Review: An Ember in the Ashes

EmberInTheAshes

Ye gods! as they say in Coventree1. Burning, bleeding skies! as they say in the Martial Empire. I haven't read anything as good as An Ember in the Ashes in some time. I kept being struck by the quiet inventiveness of the language ("In the ensuing silence, you could hear a tear drop.") and the brilliant handling of tension and characterization. Don't most people take several books to get to that kind of skill level?

The story is told from the viewpoints of two young people: Laia, a young woman of the Scholar people who has lost all her family but one to the brutality of the Martial Empire, and Elias, a young Martial man about to graduate from a brutal military academy to become a Mask, sort of a cross between secret police and special forces. Their paths are fated to cross of course, and the results are explosive. The Martial Empire is at a critical junction and the choices they make (and they will have to make many) will have far-reaching consequences.

The Martial Empire itself bears some similarity to Ancient Rome, but elements of many other cultures are drawn in, with the fantasy elements being mostly Arabic in flavour: jinn, efrits, ghuls.

An Ember in the Ashes is a fantasy book for teens, but that designation does make me grumble a bit. I haven't been a teenager in many, many years, and I never felt that this book was too juvenile for me. Yes, the central characters are young, but the themes are universal: conflicting loyalties, choosing between self-gratification and principles, love, betrayal... All the good stuff. And while the difference between good and evil is quite clear in this book, the mix can be complex. While the Scholars are very clearly the oppressed in this story, we find out that their past is not as virtuous as one might think, and their Resistance, while sometimes heroic, can also be venal and corrupt. And the Martial people, while clearly the oppressors, have individuals who aspire to be better and will sacrifice a great deal to do so.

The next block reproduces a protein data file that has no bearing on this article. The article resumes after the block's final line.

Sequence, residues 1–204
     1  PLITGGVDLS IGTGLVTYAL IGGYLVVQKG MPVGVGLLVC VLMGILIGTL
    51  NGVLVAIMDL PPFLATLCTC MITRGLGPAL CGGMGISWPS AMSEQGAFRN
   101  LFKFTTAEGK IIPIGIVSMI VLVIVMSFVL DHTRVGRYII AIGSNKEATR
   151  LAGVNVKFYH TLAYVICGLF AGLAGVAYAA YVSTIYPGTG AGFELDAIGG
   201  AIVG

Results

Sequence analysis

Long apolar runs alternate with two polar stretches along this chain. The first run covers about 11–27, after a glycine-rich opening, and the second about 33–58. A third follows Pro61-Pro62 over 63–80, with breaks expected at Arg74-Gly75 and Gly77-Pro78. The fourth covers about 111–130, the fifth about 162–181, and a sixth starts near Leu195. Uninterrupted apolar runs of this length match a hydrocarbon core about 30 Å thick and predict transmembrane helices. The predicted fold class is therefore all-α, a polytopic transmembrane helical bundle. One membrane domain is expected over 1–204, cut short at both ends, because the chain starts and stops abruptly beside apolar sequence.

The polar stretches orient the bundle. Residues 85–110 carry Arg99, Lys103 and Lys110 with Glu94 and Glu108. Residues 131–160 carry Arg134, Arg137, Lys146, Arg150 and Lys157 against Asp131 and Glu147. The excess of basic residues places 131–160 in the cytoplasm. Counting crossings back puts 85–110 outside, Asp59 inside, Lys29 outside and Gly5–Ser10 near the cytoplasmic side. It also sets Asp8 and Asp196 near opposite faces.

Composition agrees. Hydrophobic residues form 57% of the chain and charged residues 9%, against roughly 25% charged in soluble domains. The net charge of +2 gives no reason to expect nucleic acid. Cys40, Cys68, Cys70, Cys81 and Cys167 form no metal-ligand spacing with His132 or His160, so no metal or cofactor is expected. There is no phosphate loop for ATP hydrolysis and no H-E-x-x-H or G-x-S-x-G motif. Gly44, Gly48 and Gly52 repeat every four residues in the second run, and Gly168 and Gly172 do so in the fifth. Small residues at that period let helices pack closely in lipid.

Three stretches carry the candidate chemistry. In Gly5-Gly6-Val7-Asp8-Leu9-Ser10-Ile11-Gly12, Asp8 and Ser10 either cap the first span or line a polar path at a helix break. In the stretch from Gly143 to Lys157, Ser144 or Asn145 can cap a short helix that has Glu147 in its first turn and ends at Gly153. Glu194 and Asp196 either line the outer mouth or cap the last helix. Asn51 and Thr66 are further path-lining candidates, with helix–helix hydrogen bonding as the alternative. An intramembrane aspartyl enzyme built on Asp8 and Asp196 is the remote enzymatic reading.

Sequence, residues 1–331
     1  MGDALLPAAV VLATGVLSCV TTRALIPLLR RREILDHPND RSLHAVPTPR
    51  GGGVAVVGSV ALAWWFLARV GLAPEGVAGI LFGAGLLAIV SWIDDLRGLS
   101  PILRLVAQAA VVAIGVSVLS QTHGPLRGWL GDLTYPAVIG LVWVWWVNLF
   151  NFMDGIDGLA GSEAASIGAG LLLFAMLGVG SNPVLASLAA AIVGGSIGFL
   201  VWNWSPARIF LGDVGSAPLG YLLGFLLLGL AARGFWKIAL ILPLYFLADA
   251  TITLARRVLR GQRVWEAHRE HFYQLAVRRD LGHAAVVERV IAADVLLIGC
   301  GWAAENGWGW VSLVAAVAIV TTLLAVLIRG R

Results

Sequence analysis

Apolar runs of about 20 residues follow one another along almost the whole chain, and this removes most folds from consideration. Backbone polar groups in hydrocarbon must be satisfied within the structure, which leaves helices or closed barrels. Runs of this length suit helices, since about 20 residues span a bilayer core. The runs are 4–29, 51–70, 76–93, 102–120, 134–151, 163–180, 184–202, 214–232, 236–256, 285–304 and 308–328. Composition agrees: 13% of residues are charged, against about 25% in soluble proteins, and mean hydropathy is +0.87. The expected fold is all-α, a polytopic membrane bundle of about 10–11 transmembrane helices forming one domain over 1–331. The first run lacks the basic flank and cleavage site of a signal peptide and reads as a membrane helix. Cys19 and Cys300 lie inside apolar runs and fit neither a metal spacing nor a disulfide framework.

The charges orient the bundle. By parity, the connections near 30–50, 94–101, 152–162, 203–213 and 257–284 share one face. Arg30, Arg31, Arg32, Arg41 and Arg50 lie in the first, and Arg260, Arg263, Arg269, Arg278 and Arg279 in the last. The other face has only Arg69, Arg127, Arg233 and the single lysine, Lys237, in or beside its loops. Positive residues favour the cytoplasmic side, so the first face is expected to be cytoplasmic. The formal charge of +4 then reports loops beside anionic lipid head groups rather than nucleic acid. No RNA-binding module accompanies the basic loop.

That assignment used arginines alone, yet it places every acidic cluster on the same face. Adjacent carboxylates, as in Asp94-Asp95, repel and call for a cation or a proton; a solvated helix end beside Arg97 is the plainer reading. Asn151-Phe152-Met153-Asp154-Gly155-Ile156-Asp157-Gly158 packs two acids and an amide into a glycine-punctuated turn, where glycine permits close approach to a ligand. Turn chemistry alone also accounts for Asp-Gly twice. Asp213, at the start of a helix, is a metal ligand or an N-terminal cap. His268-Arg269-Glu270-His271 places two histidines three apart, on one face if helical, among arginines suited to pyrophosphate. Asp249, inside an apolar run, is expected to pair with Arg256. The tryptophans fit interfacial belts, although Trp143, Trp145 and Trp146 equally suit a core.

The personal dynamics can also be complex. Sometimes there is no simple choice; someone will get hurt or feel betrayed. Some of the choices remain in the future, as this is clearly the first of a series, and we can't help but wonder how the dilemma will be resolved. The "good guys" blow it sometimes, and even the most evil of the evil show flashes of humanity, although admittedly very few.

The plot is fast-paced and suspenseful, which keeps us turning pages and perhaps from noticing an occasional plausibility issue (unless there is an underlying reason for those implausibilities which will be revealed in future episodes). I am particularly pleased to note that there is no foul language (unless you are so sensitive that "ten hells" sets off your alarms), no steamy sex, although desire is never far away (they're young, how could it be otherwise?) and the story does not suffer in the least because of it.

And for those following the We Read Diverse Books Challenge, this would answer nicely in a couple of categories, depending on your age and the colour of your skin.

Disclaimer: I received a free copy through a giveaway from SF Signal. No review was requested, but I wrote it anyway.

Sabaa Tahir's website

 

1The land at the heart of Disenchanted.